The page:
Obama administration sees cost savings, health benefits from climate action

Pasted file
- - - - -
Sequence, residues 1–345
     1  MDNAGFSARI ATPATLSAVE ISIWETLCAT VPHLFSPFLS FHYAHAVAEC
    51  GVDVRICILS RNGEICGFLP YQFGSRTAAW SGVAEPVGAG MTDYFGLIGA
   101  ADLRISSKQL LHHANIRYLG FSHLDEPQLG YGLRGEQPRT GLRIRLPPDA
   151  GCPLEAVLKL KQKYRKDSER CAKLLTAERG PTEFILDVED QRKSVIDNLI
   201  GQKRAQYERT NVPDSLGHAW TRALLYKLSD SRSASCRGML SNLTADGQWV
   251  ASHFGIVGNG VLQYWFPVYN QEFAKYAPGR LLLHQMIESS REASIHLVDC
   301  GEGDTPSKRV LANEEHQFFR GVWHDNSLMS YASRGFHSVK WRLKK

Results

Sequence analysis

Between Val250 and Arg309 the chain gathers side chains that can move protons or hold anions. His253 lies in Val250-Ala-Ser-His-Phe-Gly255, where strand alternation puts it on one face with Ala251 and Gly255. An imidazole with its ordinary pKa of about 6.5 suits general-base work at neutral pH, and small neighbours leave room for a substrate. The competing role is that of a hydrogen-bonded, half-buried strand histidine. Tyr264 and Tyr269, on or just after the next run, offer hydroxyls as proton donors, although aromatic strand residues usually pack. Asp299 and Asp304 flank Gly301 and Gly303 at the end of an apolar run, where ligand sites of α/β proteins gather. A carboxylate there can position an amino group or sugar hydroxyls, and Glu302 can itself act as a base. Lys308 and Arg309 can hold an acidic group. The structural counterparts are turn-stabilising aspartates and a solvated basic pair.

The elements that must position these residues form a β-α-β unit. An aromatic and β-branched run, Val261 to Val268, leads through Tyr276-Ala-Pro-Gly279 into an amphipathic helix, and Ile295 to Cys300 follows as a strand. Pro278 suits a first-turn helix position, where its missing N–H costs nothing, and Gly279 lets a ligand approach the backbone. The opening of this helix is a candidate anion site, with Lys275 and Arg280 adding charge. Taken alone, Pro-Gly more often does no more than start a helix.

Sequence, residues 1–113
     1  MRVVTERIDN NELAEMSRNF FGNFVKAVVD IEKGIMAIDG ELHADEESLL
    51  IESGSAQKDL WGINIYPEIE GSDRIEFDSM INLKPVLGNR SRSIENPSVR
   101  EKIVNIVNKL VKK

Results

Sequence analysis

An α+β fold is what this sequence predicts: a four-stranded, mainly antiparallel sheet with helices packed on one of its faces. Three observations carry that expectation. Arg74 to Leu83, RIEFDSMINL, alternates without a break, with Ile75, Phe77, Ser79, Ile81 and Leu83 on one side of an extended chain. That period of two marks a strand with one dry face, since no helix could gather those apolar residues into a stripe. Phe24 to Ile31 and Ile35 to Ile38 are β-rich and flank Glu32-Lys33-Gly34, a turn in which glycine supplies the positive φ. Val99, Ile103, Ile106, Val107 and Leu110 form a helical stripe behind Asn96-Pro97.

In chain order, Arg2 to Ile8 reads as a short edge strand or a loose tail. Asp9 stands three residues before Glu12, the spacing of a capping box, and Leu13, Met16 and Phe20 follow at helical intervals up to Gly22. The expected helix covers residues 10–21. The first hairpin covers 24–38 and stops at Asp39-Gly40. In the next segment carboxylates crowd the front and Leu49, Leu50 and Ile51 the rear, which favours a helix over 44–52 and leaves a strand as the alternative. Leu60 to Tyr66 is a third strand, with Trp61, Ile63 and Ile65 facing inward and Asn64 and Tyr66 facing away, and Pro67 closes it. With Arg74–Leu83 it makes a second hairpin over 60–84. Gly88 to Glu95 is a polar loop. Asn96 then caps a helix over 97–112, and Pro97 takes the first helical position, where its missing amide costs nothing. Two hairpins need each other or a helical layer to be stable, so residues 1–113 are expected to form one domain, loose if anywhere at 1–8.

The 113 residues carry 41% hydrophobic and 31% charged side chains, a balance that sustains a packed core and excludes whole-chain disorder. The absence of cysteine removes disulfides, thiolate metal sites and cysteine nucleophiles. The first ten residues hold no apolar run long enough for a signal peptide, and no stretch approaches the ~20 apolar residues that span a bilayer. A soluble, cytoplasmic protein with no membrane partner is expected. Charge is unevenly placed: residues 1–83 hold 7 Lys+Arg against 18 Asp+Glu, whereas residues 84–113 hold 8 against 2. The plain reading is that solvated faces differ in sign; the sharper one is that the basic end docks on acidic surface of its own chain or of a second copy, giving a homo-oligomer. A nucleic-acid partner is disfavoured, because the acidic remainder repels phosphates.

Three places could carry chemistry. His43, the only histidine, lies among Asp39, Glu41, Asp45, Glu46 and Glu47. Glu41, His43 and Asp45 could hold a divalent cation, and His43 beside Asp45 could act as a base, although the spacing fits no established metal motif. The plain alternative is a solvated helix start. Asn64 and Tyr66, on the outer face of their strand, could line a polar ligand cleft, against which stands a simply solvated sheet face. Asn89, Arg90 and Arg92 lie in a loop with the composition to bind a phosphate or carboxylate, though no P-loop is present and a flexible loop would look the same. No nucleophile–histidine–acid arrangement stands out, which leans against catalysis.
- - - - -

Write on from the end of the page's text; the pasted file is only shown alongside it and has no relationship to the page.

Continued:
WASHINGTON (Reuters) - The health and economic benefits of global climate change policies outweigh the impacts of taking no action, the Obama administration said Monday in a new report, which was released as Congress tries to weaken some of those policies this week. The new report by the Environmental Protection Agency makes the first attempt to quantify the benefits of global action on climate change by examining 20 key sectors from water to electricity to infrastructure, EPA Administrator Gina McCarthy told reporters Monday. “The report finds that we can save tens of thousands of American lives, and hundreds of billions of dollars, annually in the United States by the end of this century, and the sooner we act, the better off America and future generations of Americans will be,” McCarthy said. The EPA is at the center of President Barack Obama’s Climate Action Plan, which he first announced nearly two years ago, which aims to tackle greenhouse gas emissions across different sectors using mainly executive actions and existing authority under federal law. Congress this week will vote on two bills that aim to weaken the EPA’s proposed regulations targeting the country’s power plants as well as the agency’s operating budget for the next fiscal year. Meanwhile, the Supreme Court is expected to issue a ruling as soon as Thursday on whether the EPA erred when issuing rules targeting mercury from power plants by not initially taking into account costs to industry, which are projected to be around $10 billion. For example, the report estimated 57,000 fewer deaths from poor air quality in the United States in 2100 if action is taken to curb greenhouse gas emissions. It also finds that global action on climate change can reduce the economic damages caused by climate change. The agency projects $10-$34 billion in savings on power system costs by shifting to lower emitting energy sources by 2050 and a savings of around $7 billion in road maintenance annually in 2100. Brian Deese, climate change adviser to the White House, told reporters that the findings of the report "undergird" the president's message that there is a moral and economic case for climate action as he tries to show leadership both domestically and in global climate change negotiations on climate change. "What is hopeful about this report is that it once again shows not just that these actions are real and we need to act now, but there are real economic dividends to acting early and aggressively," Deese said. The report can be read here: http://www2.epa.gov/cira (Reporting By Valerie Volcovici; Editing by Bernard Orr)